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Kassi, Banjo, Nwaneri come alive in stasis


Can’t Let Go by Banjo

A group show of 47 paintings, drawings and ceramic works by three artists from Nigeria and Cameroun has opened at Temple Muse, Victoria Island, Lagos. Curated by SMO Contemporary Art, the show features recent works by the Camerounian Djakou Kassi Nathalie and two young Nigerians, Olawunmi Banjo and Kelechi Nwaneri.

One trained and two self-taught artists, with an age difference spanning almost 20 years, the show draws the viewer into a complex dialogue from three radically different viewpoints. Through detailed paintings, layered and complex drawings, and experimental ceramic works, each artist explores the tension between conscious and subconscious mind. Each artwork questions how to achieve balance despite societal pressures, mental health challenges, and the effects of climate change on human well-being.

Kassi’s sculptural ceramics provide a fantastic counterpoint to Banjo’s finely painted self-portraits and Nwaneri’s mythological and surreal landscapes.

Nathalie is a well-respected mid-career ceramic artist and the most senior of the three. Nathaniel’s works are earth-centered, reflecting a fascination with the grandeur of nature in relation to humanity’s minuscule scale, yet hugely destructive impact on the planet. Her sculpted pots, bowls and plates are covered with symbols and masks, inspired by shared African communal values and a quintessential tension between modernity and tradition.


In contrast, the self-taught painter, Banjo, presents her latest series of portrait of lone figures, rendered in twisted, intertwined and tightly woven wires and ropes. Banjo’s hyper-realistic elegant style embraces a primarily blue colour palette and exhibits a deep sense of symmetry by creating a pathway to a deepened sense of self-awareness and identity through her acrobatic figures.

Banjo’s works analyse the effects of restrictive social norms, and the constant need for external validation and the intense pressure from technology on modern society.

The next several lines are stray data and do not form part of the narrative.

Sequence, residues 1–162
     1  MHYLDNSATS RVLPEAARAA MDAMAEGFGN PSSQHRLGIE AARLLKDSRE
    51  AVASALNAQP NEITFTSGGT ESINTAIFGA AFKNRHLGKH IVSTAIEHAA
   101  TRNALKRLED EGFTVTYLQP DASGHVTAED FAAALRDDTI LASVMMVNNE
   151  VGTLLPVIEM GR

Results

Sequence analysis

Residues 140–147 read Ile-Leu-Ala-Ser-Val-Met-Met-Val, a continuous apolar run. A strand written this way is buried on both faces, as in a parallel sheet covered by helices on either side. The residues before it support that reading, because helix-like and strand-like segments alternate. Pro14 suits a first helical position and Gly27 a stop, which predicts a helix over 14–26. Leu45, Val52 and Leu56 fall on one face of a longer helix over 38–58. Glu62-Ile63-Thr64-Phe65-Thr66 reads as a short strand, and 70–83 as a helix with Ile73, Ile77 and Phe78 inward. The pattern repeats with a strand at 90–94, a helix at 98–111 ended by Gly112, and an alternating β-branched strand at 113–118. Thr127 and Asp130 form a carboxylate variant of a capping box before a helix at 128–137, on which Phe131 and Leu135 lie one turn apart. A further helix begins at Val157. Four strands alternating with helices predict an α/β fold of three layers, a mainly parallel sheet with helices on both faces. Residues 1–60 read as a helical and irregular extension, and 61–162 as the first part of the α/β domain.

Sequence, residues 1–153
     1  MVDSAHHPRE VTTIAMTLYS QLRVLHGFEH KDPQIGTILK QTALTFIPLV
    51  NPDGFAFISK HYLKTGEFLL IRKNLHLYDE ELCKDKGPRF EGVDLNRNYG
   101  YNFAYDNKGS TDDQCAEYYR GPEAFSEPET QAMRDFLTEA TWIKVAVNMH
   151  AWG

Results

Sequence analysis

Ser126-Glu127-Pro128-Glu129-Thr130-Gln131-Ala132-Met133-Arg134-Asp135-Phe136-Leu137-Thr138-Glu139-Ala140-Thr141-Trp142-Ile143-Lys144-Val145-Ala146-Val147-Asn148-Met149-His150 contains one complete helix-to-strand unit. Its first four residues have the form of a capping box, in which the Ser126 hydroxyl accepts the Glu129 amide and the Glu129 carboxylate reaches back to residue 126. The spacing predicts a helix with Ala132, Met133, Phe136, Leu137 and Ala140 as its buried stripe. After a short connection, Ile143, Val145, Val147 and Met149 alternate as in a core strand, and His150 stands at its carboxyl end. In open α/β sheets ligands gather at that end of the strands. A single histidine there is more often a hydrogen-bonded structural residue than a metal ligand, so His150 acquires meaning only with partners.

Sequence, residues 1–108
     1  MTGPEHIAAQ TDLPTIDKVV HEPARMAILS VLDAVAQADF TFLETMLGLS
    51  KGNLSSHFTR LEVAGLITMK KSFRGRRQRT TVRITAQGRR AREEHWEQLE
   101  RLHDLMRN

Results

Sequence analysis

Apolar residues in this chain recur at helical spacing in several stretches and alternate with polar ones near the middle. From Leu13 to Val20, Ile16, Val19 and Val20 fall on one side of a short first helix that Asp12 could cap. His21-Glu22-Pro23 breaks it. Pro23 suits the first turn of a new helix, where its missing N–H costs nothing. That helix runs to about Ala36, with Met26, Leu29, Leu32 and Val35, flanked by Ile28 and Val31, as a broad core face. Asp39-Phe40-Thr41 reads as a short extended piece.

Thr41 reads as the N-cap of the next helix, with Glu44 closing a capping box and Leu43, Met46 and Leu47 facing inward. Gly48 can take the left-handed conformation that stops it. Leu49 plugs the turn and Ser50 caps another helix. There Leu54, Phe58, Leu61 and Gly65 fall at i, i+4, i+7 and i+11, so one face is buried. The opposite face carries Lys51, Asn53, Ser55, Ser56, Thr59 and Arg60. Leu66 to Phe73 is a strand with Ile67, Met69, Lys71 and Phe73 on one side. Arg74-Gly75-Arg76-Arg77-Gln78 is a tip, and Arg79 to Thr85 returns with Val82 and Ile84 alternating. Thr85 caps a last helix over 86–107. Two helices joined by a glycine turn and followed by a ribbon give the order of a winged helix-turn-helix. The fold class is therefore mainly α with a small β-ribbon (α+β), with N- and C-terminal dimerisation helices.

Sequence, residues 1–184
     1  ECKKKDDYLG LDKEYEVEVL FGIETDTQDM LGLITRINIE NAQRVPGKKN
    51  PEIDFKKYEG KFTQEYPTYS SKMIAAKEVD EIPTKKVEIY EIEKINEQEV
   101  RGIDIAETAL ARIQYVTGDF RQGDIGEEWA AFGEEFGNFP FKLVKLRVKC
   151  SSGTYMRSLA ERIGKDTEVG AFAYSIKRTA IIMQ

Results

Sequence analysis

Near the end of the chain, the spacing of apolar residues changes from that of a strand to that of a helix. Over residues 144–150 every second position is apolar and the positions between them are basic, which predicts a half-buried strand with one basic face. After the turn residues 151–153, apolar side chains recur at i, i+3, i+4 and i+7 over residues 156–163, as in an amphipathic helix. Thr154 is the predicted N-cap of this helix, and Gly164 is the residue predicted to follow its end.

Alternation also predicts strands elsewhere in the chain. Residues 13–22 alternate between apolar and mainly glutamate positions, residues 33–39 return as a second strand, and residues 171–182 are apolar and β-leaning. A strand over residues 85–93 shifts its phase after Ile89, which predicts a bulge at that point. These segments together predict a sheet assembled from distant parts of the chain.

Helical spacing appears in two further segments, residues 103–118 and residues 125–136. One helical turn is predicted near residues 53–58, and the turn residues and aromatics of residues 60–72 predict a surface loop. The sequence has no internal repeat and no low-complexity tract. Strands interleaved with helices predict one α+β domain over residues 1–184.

Emerging artist Nwaneri’s charcoal and acrylic drawings on paper and canvas are a complex creative counterpoint to the works by the two older, female artists.

Nwaneri is in his early 20s and a graduate of agriculture from the University of Nigeria, Nsukka. His multi-layered, charged landscapes populated by masked mythical figures covered with Uli, Nsibidi, Adinkra, symbols, which portray an emotional depth beyond his years.

Nwaneri is inspired by pencil. Through a world rich in mythological expressions, he tackles issues surrounding mental health. His muscled male forms in combat touch on the emotional and psychological wrestling done to achieve balance and self-awareness.

Nwaneri, who is showing 14 of his painting, said, “my work falls under Surrealism, and what I do is African and I try to talk about through emotional experience in my work. I discover that people find themselves in the situation that they just can’t talk about and sometimes they commit suicide to overcome the situation. I’ve been there and I understand how hard it is but I was able to find true relief from that bad condition so, I now decide to paint, talk about works that talk about emotion and social values. My work is not about people remembering the sad moment, it’s about someone getting over it, my art is meant to heal.”

Explaining the concept behind his painting, titled, Can’t let go, Nwaneri said, “we often say time heals everything but after a long time, we remember the troubles, it’s as if the injury is still fresh, so, for that kind of situations, it’s like time doesn’t heal. Basically, Can’t Let Go is a sad memory.

Speaking on her work, Recess, Banjo, who is exhibiting eight works, said, “you have so much distraction and most time we get caught up with work, social life and another thing that we neglect ourselves so, we just need to relax and understand ourselves.”

According to the exhibition curator and founder of SMO Contemporary art, Sandra Mbanefo Obiago, “Stasis provides a creative platform for the three artists with very different styles and philosophies to examine the concept of equilibrium and counter-balance.”

On her part, Director of TempIe Muse, Avinah Wadhwani, said, “the diversity of media and artistic viewpoints are a refreshing start to our fall season.”

Stasis touches on important global issues and we are delighted to provide platform artists to tell their stories from a contemporary African point of view.


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